2. Curtail the range of beneficial uses of the environment. The Proposed Project expands the beneficial uses of the environment and is consistent with the General Industrial and Open district zoning in the LUPAG.
3. Conflict with the State’s environmental policies or long-term environmental goals established by law. The State’s long-term environmental policies are set forth in Chapter 344, HRS. The broad goals of this policy are to conserve natural resources and enhance the quality of life. The impact from the Proposed Project is minor and, therefore, is consistent with all elements of the State’s long-term environmental policies and environmental goals.
4. Have a substantial adverse effect on the economic, social welfare, or cultural practices of the community or State. The State’s long-term environmental policies are set forth in Chapter 344, HRS. The broad goals of this policy are to conserve natural resources and enhance the quality of life. The Project is minor and fulfills aspects of these policies calling for an improved environment. It is thus consistent with all elements of the State’s long-term environmental policies. The Proposed Project would also generate employment opportunities for the local research and development industry, which would stimulate local economic spending.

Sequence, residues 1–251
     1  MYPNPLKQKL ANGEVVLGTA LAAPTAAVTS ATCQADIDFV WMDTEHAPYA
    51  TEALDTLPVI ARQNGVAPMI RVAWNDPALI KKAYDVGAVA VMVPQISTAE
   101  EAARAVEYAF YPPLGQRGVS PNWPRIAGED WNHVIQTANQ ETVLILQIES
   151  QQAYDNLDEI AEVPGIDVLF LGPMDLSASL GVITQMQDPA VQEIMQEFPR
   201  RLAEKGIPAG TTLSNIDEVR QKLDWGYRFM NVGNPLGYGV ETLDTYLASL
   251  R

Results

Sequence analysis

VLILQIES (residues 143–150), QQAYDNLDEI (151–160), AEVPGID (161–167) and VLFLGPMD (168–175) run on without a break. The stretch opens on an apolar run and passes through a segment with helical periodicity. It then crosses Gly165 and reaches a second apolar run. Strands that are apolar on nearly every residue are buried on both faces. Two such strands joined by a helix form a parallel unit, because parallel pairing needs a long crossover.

5. Have a substantial adverse effect on public health. The Proposed Project would not affect public health in any way; stormwater would be appropriately disposed of in drainage structures.
6. Involve adverse secondary impacts, such as population changes or effects on public facilities. No adverse secondary effects are expected from the Project.